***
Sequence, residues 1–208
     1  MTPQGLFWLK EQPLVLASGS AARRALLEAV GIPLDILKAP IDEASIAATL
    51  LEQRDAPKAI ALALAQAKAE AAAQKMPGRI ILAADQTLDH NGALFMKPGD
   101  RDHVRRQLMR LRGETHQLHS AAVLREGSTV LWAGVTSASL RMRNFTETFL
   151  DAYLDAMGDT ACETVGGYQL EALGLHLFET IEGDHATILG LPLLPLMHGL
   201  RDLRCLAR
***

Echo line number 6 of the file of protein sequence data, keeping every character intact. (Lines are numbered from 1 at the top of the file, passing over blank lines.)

   201  RDLRCLAR